HOW much longer can the Zimbabwe situation be allowed to fester? Two months ago President Mugabe of Zimbabwe and Morgan Tsvangirai, the leader of the country's opposition, signed a power sharing agreement negotiated by Thabo Mbeki, then president of South Africa. Despite the smiles and handshakes few people who read the small print of the agreement gave it much chance of succeeding - and yesterday the doubters were proved right when Tsvangirai and his Movement for Democratic Change rejected the latest compromise proposed by the South African Development Community (SADC).

The breakdown came as the result of Mugabe's insistence on keeping the all key Cabinet posts in the hands of ministers from his KANU-PF party.
Tsvangirai asked only for one key post - that of Home Affairs which controls the police - but Mugabe would not even countenance that in his rather strange concept of power sharing. Last weekend the SADC proposed that there should be two Home Affairs ministers, one from each party, and it was this recipe for failure that Tsvangirai has now rightly rejected as unworkable.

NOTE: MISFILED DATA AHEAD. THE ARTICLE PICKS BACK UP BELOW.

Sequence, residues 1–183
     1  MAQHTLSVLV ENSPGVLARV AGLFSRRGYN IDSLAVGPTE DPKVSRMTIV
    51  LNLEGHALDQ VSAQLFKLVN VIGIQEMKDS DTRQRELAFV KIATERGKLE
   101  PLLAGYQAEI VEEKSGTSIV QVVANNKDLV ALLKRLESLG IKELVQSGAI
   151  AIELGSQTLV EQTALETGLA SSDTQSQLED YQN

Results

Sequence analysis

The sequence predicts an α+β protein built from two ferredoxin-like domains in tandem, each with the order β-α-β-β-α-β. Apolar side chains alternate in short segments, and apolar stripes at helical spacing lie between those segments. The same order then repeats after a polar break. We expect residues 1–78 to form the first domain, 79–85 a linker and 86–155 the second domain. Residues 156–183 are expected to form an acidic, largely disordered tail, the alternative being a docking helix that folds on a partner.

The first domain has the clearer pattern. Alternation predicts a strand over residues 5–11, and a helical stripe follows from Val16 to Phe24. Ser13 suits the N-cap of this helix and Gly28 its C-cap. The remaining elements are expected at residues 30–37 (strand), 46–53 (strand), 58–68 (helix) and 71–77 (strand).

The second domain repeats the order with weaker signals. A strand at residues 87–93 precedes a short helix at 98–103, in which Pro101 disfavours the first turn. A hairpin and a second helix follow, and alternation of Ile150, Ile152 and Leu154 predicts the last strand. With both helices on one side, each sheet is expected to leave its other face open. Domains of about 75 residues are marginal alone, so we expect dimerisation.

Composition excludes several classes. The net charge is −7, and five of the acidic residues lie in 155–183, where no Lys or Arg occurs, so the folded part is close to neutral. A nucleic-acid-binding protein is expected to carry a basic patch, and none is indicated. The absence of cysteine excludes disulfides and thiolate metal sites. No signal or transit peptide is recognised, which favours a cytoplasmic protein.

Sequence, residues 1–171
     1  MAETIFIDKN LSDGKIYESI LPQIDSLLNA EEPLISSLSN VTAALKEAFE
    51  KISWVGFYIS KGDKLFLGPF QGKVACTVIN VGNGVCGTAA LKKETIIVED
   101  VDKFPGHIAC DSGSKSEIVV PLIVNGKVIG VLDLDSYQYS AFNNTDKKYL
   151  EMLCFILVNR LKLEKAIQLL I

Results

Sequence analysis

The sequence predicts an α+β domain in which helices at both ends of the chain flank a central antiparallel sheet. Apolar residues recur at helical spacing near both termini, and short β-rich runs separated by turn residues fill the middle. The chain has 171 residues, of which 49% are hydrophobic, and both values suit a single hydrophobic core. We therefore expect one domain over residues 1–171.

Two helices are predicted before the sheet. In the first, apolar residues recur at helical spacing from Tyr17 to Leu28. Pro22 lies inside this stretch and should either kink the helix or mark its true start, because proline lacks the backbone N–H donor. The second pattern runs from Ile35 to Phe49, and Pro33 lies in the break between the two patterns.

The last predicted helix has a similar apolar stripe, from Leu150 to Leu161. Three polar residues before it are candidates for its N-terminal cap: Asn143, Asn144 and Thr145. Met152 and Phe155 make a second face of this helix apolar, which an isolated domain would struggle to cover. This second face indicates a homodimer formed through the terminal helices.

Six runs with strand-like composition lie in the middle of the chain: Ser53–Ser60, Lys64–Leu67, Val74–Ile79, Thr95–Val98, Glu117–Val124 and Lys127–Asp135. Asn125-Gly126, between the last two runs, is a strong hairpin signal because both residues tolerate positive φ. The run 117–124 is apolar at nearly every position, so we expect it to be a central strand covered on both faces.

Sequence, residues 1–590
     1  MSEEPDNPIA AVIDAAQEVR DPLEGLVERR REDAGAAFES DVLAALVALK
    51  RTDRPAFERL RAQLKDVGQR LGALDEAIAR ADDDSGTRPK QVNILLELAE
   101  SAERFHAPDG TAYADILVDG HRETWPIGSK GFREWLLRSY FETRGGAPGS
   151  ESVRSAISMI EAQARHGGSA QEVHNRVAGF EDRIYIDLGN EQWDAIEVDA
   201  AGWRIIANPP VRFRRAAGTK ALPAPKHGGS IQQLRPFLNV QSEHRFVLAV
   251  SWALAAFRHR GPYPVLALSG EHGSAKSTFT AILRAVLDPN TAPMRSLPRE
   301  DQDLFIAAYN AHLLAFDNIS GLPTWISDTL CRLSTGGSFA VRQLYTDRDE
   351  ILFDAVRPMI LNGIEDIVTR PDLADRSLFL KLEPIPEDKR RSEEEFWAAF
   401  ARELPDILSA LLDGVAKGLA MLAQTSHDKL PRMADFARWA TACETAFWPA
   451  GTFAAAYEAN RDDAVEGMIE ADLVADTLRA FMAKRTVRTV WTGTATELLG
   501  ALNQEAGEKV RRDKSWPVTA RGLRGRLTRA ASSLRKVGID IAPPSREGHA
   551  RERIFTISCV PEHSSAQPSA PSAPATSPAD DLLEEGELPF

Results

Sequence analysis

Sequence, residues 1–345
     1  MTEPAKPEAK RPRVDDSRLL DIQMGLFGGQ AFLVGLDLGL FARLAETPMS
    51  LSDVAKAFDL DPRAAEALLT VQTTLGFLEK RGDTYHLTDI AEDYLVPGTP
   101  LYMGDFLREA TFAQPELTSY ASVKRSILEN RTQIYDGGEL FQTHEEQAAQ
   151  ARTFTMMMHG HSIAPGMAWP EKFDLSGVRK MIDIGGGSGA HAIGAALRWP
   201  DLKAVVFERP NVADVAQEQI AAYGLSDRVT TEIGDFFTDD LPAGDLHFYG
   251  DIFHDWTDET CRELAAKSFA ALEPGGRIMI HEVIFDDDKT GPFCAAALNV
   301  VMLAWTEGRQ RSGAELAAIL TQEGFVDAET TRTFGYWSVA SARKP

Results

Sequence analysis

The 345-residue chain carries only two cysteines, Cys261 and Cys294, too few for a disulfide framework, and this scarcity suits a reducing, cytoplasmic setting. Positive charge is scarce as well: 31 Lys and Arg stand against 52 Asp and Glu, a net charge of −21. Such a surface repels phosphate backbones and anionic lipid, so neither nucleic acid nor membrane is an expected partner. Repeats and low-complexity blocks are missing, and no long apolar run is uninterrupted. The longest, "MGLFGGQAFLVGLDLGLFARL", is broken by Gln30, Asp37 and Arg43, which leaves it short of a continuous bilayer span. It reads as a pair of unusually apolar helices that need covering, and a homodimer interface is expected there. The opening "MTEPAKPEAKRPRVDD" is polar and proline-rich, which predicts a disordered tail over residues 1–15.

Mugabe may decide to abandon the power-sharing agreement and go ahead with forming a government of his own; the Movement for Democratic Change says that any such government would be illegitimate - but that is not something to bother Mugabe greatly. The alternative would be intervention by the African Union and possibly the UN to save the power sharing agreement. Meanwhile the people of Zimbabwe continue to suffer.


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